Aren’t you glad April 15th is OVER? There is no less dreaded time than tax season for most of us yet surely there are ways we can make it easier and less painful? Can’t we cut down on the stress of tracking receipts and other financial paperwork?
You betcha! It just takes a little prep now to have a happier tax season next year.
First, once you’ve filed your current year’s taxes, get a large envelope (9″ x 12″) and put all tax relevant documents in it. This means any receipt that was evidence of a deduction, your copy of your 1099s or W-2s, investment statement receipts (1099-DIV), ad valorem copies, etc. Any itemization (receipt, document, etc.) mentioned in your tax return needs to go in this envelope along with your signed copy.
Next, on the outside of this envelope, label it in marker, “Taxes ____” and whatever the year. This envelope should go to storage that is out of the way and not taking up valuable real estate because you shouldn’t need to access it anytime soon.
I recommend having a file box or drawer that is just for taxes so that you keep them all together.
You need to keep copies of your taxes for 7 years. The IRS can audit your returns up to 7 years ago so hang on to these. They would like to see receipts in case of an audit so make sure you keep copies of them, hence the envelope. For complicated taxes with lots of documentation, get a few envelopes. Another option is to get small accordion files to store them in. It’s better to keep this paperwork in a closed container so it doesn’t get lost or mixed up with other papers.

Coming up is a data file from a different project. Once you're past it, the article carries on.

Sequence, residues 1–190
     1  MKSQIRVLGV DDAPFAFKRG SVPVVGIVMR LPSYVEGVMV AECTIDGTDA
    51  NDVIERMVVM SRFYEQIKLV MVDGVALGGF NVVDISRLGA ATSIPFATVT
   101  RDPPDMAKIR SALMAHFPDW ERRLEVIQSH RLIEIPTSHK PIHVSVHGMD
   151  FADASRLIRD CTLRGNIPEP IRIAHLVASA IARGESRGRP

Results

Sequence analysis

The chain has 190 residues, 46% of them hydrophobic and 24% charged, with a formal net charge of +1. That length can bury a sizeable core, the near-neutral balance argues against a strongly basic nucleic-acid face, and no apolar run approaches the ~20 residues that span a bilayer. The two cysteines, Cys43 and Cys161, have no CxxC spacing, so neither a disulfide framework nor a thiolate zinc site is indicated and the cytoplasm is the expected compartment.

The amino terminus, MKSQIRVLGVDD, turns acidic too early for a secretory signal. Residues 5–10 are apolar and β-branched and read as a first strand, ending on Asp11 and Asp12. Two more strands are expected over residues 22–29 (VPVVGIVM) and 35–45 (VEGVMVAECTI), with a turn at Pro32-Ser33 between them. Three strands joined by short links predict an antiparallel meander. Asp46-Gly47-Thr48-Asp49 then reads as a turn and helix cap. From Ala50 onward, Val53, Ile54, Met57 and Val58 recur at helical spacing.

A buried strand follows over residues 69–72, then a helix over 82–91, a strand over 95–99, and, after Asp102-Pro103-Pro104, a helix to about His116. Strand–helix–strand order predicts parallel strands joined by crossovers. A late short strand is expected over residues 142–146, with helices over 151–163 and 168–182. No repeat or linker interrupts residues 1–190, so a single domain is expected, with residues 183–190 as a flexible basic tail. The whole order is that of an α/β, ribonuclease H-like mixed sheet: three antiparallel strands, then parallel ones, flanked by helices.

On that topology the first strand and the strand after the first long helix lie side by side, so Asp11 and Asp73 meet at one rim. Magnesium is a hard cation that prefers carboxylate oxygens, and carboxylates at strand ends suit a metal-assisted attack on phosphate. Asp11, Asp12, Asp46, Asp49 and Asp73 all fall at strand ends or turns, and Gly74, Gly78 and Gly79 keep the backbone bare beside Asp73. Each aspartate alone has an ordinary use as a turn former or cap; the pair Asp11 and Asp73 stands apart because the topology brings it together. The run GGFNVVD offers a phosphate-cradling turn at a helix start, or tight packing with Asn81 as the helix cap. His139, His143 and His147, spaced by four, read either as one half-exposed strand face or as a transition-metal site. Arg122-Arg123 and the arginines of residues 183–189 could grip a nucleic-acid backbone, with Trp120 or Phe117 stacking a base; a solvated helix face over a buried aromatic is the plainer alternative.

Now you can clean out any receipts from last year that you thought might be used for taxes. If you didn’t need them for taxes, you probably don’t need them now.
The exceptions to this could be but aren’t limited to:
- receipts for ongoing or complex medical treatment
- receipts for expensive furniture or home repairs
- receipts for purchase of car, boat, motorcycle or other vehicle
- receipts for purchase of appliances such as dishwasher, HVAC, or washing machine. Write the purchase date and location on the inside of warranty information for these large purchases because the paper receipts will fade.
Lastly, create a home for future incoming tax related receipts. I use a file folder at the front of my cabinet labeled “Tax Receipts” so that it’s easy to drop papers in there as necessary. Make it easy for yourself and get something that doesn’t require a lot of effort to access such as an open box or container or file as opposed to a lidded box on a high shelf.
The goal is to have a home for this documentation so that you can retrieve it if necessary. Knowing what you have and where it goes is 50% of being organized. The other 50% is actually putting things where they belong.
p.s. Here’s the fine print: I am not a CPA nor an attorney or tax adviser in any capacity. I am an organizer who likes saving time and energy by not having to look for things. Please consult a CPA or other financial adviser for specific questions you have about what to keep or toss.